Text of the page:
Count me as one of the many who are very excited about the new 5.0 Coyote engine. Even if the best thing about it was the 5.0L name (I still have a soft spot for the original), the new motor would be very popular.
No one should be quite this happy, but you'd be smiling too if you were about to add a Zex
Lucky for Ford fans, the Four-Valve 5.0 is much more than a successful marketing ploy. Trick intake, variable cam timing and Chevy-topping performance (thanks no doubt in part to a lower curb weight), the new Mustang is an impressive piece indeed. If there is one complaint, it is the lack of forced induction. I know the Shelby GT500 is blessed with a blower, but I can't help wonder if, and when, we might get a supercharged 5.0.
Given the success of the Ford Racing Aluminator engine program, we should at least see low-compression versions of the Coyote available through the FRPP catalog. As great as the new 5.0 motor is internally, it still doesn't quite match the (seemingly) underrated Terminator motors offered from '03-'04. The supercharged 4.6L offered not only serious factory horsepower (and more importantly torque), but the ability to digest massive amounts of boost. Credit factory forged internals, topped by free-flowing cylinder heads and factory forced induction for the serious power potential.
The supercharged Four-Valve Cobra motor was a low-mileage unit yanked from the engine bay
We all know and love the '03-'04 Cobra motors. There is nothing quite so satisfying as having immediate boost followed by a surge of torque that accompanies a positive displacement supercharger. Impressive even in stock trim, the factory tune was purposely conservative, which meant there were bucket loads of power left on the table. Add a splash of good fuel, a more aggressive tune (altering both air/fuel and timing), and a few extra pounds of boost, and you had one pleasingly powerful Pony. In fact, the motor was so capable that eventually, the supercharger itself became the limiting factor in terms of maximum performance.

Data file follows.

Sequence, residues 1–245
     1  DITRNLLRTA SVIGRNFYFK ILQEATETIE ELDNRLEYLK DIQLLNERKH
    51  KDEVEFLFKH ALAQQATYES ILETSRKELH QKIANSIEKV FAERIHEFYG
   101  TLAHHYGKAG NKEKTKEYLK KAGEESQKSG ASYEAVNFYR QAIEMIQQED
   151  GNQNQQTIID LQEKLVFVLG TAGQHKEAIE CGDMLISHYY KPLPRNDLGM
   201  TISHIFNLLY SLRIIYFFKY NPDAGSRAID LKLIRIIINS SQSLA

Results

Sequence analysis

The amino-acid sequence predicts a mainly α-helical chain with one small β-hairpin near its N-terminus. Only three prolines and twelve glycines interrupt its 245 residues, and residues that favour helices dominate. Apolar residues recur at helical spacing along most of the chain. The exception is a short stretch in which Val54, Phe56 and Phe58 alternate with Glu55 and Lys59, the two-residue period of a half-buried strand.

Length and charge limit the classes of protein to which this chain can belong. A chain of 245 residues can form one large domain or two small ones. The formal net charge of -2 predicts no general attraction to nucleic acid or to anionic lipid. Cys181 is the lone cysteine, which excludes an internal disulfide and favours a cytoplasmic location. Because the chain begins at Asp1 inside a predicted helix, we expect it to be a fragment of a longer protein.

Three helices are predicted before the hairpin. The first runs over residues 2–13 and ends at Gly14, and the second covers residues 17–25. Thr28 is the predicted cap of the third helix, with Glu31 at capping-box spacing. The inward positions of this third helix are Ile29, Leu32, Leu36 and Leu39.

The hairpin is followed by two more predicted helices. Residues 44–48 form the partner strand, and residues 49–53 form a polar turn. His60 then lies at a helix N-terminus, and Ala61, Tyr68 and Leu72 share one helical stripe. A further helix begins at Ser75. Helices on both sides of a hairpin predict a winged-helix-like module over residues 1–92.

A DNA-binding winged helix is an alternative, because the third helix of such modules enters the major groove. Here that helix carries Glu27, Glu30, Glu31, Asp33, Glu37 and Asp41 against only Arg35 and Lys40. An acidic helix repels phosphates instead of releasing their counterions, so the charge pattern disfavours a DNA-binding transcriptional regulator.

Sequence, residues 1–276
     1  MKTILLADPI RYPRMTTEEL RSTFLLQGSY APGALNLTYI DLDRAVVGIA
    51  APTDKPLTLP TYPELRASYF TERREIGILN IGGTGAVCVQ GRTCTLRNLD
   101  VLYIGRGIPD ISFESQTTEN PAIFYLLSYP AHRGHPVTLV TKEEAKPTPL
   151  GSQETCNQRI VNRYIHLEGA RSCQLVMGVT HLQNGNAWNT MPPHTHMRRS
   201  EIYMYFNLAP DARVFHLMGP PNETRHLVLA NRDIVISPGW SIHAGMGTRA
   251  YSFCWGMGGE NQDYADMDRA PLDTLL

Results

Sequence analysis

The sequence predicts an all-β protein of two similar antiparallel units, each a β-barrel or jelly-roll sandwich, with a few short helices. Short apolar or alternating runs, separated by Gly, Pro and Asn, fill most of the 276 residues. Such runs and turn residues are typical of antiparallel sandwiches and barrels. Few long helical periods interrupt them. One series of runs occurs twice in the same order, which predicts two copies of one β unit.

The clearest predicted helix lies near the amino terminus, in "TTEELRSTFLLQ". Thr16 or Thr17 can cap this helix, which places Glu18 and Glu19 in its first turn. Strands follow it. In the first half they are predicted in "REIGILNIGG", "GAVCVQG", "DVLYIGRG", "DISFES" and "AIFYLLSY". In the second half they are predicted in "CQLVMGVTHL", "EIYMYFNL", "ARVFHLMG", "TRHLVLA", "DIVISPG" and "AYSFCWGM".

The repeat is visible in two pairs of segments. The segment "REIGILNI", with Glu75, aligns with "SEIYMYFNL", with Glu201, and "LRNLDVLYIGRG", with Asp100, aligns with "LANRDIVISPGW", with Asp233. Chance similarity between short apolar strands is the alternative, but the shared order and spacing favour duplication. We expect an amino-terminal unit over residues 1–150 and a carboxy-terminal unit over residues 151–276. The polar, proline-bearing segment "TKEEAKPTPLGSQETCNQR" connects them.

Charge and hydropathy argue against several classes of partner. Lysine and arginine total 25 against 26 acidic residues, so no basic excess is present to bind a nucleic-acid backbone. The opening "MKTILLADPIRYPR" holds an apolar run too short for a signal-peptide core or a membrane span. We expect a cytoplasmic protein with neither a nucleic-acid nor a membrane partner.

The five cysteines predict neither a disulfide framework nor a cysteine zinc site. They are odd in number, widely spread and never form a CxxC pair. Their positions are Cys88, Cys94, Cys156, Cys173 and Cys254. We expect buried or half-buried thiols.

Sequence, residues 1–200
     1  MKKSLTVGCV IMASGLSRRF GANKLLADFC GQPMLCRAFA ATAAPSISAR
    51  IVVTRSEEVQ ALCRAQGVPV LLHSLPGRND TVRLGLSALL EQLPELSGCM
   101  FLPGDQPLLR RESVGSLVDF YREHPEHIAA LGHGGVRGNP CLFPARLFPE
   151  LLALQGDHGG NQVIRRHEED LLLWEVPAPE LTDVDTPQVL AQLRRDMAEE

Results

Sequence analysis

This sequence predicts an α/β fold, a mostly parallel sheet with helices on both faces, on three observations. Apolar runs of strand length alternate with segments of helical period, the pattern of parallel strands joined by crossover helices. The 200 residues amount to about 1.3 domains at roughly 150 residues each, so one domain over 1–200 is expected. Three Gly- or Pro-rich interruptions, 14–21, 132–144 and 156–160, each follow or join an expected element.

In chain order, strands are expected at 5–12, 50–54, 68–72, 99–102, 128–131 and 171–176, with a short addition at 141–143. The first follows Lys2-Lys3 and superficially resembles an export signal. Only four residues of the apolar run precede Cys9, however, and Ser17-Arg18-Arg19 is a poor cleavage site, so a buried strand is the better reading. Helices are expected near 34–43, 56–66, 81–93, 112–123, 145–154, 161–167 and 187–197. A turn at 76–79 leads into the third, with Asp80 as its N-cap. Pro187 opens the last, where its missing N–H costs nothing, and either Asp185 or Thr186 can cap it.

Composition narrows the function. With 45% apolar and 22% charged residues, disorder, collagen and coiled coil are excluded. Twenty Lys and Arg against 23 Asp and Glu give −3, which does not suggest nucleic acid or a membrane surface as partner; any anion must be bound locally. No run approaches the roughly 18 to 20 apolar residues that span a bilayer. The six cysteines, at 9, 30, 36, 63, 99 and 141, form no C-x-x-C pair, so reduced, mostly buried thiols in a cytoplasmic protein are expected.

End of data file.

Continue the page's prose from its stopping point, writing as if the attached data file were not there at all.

In all fairness to the Eaton Roots blower, it was never sized for 700-plus-horsepower, but the rest of the motor certainly seemed to be. Having pushed these factory engines well into the four-digit power territory, we can safely say Ford blessed these motors with a sizable safety margin. With this margin in mind, we ventured down two different paths in an effort to realize that potential.
The most obvious path was to maximize the existing supercharged combination and then add a dose of chemical warfare. The idea for round one was to take a stock '04 Cobra motor, crank up the boost on the Eaton supercharger and then hit is with a small does of nitrous oxide. In truth, we could have run considerably more nitrous, but the effort does illustrate the potential of the combination of boost and nitrous. Both are great at improving power production separ-ately, but combined they are even more formidable. The supercharged, Four-Valve test motor came from an '04 Cobra that had plenty of power, but as it turned out, very little talent behind the wheel. Crash damage destroyed a perfectly good Camaro killer, but the motor was still factory fresh.
Naturally, we were going to run this motor at a level higher than stock, but we also wanted to limit our modifications to external bolt-ons. With forged internals and free-breathing heads, the only thing missing (in our mind) was a set of performance cams. Tempting to be sure, we nonetheless resisted the urge to even remove the valve covers, and instead concentrated our attention on boost and juice.